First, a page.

What would you say about hunger, if the United Nations wanted to hear from you?
Canadians had to think hard about that question in May, and so did I when I was asked to speak before Olivier De Schutter, the UN special rapporteur on the right to food, during his visit to Canada.
De Shutter was on an 11-day mission to Canada, his first to a developed country, in order to map out Canada's compliance with our international human rights commitments. He met with families on social assistance who find it hard to feed their children healthy food, he visited inner city neighbourhoods in Ontario and Quebec, and he travelled to remote aboriginal communities in Manitoba and Alberta.
You may remember from press reports that the UN envoy urged Canadian governments to put an end to the need for almost 900,000 Canadians to visit a food bank each month.
He decried the fact that in such a wealthy nation, one in 10 families with a child under six is unable to meet its daily food needs.
"This is a country that is rich but that fails to adapt the levels of social assistance benefits and its minimum wage to the rising costs of basic necessities, including food and housing," De Schutter said.
At least initially, federal government ministers refused to meet him and discuss his findings. After his press statements however, Immigration Minister Jason Kenney angrily suggested De Schutter was wasting the UN's money by visiting a developed country.
Health Minister Leona Aglukkaq then met with De Schutter, but strongly objected to his remarks on food issues facing aboriginals. Aglukkaq told reporters, "He's ill-informed. . . . In the Arctic," she said, "the food security issue is not about access to (food). It's about fighting environmentalists trying to put a stop to our way of life."
Catholics certainly believe the issue is about access to food.
Not only was the right to food enshrined in the Universal Declaration of Human Rights, but at the Second Vatican Council, the right to food was specifically mentioned as one of the human rights necessary for human dignity.
"The right to have a share of earthly goods sufficient for oneself and one's family belongs to everyone."
The bishops used language beyond that of any UN diplomat when they wrote, "Since there are so many people prostrate with hunger in the world, this sacred council urges all, both individuals and governments, to remember the aphorism of the Fathers, "Feed the man dying of hunger, because if you have not fed him, you have killed him" (Gaudium et Spes, 69).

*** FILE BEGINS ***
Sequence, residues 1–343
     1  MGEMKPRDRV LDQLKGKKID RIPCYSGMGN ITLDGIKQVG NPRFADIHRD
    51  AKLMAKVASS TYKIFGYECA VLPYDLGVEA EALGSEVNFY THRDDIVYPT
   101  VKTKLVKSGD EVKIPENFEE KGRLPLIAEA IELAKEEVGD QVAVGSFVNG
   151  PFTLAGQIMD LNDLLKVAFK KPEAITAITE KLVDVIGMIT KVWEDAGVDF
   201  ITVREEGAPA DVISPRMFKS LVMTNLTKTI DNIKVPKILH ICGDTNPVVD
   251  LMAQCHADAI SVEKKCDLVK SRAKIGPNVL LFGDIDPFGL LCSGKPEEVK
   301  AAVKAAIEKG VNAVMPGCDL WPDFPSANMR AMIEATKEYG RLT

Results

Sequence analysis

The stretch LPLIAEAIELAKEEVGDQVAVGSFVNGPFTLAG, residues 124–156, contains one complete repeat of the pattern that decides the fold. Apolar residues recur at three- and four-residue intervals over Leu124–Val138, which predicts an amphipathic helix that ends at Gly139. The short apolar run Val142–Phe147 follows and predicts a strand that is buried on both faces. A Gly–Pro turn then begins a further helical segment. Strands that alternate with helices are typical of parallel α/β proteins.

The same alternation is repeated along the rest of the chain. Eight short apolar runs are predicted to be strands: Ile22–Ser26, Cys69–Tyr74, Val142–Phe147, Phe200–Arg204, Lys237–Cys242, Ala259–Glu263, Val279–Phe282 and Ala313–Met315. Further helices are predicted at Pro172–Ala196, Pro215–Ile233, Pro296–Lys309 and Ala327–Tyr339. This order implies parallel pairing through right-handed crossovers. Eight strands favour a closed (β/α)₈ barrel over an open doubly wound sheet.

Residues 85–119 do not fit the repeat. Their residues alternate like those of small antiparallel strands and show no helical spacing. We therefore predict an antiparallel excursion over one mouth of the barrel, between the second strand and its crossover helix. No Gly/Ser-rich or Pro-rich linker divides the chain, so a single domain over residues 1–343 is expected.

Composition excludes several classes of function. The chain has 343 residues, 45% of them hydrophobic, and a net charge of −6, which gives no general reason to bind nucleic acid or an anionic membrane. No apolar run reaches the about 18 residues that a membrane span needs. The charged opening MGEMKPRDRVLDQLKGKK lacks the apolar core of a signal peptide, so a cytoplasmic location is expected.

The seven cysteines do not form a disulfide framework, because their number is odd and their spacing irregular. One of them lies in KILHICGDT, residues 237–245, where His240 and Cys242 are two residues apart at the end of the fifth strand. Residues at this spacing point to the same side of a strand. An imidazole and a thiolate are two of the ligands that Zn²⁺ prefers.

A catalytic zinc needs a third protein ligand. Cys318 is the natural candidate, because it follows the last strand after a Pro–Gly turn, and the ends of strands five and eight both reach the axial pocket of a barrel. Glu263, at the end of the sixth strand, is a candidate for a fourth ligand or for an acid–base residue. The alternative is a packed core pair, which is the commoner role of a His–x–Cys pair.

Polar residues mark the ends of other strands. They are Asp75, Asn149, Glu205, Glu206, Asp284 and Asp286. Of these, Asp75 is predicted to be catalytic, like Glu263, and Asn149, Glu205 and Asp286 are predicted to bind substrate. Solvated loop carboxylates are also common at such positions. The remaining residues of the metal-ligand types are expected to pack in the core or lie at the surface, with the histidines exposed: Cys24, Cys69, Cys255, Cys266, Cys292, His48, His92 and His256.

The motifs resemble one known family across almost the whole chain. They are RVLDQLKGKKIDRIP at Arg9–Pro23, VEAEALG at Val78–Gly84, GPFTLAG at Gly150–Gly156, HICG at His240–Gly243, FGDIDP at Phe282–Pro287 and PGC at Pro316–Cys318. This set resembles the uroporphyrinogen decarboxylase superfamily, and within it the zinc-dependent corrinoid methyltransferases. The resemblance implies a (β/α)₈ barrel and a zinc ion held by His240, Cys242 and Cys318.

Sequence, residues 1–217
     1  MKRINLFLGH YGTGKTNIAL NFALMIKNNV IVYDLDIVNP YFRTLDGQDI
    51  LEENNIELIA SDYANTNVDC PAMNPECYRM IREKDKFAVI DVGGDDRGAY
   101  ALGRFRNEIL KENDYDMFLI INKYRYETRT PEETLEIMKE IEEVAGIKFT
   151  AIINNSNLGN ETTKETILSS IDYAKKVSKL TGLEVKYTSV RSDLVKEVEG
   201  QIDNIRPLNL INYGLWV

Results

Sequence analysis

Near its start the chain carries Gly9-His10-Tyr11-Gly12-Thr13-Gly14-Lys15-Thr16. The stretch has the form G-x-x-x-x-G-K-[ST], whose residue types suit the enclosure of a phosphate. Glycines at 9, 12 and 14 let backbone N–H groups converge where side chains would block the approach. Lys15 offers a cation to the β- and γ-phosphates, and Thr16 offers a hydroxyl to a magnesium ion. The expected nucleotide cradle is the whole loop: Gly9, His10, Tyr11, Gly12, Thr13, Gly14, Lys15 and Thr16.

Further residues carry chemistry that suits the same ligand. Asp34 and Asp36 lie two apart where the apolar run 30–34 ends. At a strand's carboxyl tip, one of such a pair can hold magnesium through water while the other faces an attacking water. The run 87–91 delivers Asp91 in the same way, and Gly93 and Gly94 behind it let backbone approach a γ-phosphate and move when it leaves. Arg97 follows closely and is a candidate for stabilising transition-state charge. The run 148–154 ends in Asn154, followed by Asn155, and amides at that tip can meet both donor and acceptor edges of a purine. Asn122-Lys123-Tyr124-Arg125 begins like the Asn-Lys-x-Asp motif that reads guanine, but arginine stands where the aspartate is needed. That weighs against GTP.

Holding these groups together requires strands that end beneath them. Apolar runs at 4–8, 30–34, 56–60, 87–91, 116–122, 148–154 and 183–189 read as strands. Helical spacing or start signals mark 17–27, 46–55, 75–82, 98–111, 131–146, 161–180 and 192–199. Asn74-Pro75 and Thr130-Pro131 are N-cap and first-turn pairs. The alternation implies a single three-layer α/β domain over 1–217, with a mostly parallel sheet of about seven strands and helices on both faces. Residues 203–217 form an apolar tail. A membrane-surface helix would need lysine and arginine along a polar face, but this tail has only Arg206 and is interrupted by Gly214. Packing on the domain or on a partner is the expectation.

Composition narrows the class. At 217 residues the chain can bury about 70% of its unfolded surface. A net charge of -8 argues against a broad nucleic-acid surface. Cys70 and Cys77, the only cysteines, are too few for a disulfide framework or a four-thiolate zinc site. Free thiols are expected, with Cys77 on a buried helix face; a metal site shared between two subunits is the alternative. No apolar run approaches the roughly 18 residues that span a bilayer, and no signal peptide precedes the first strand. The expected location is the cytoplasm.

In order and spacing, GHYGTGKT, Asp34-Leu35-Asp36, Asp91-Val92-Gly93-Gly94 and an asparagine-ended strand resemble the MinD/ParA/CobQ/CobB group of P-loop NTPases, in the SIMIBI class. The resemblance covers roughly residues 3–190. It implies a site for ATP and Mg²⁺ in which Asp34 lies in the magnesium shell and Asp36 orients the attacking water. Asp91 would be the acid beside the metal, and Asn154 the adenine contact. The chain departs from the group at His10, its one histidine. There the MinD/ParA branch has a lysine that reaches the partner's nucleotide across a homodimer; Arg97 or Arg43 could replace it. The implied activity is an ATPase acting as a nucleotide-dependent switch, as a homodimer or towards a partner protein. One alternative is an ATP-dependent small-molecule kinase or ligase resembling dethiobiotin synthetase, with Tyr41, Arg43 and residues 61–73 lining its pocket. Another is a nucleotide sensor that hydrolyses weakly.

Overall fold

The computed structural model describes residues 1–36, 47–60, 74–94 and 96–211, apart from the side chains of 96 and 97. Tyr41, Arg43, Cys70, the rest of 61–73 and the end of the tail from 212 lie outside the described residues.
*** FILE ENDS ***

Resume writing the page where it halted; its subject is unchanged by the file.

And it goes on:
Almost certainly, bishops would not use such inflammatory language today, even if government was to cut millions of dollars from development assistance programs, or limit budgets to assist low income people at home.
But non-profit agencies, many of them Church-related, spoke out long before De Schutter's visit. They realize that the issues of food security and hunger are directly related to poverty.
When we met, I knew I didn't have to remind De Shutter of the UN's own guidelines document that reads, "Poverty signifies non-realization of human rights so that the adoption of a poverty reduction strategy is therefore not just desirable but obligatory on the part of states that have ratified human rights instruments."
However, many Canadians may not know that when Canada's performance on human, economic and social rights was last reviewed by the UN, my own organization, Citizens for Public Justice, called upon Canada to develop a poverty reduction strategy. The UN's Human Rights Council then encouraged Canada to do exactly that.
But in June 2009, the federal government specifically rejected this recommendation and its attendant responsibility. Ottawa stated that poverty reduction was "a provincial responsibility."
Food Secure Canada argues that "A Canada with no food policy is like not having a national health care policy." While a quarter of Canadians are considered obese, we are the only G8 country without a nationally-funded school meal program.
Stats Can reports that close to two and a half million Canadians are moderately or severely food insecure.
Most Canadian provinces already have poverty reduction plans, and Premier Alison Redford has promised to initiate one in Alberta.
It is time Christians encouraged our federal government to live up to its word, as well.
(Joe Gunn is the Ottawa-based executive director of Citizens for Public Justice, www.cpj.ca, an ecumenical social advocacy organization.)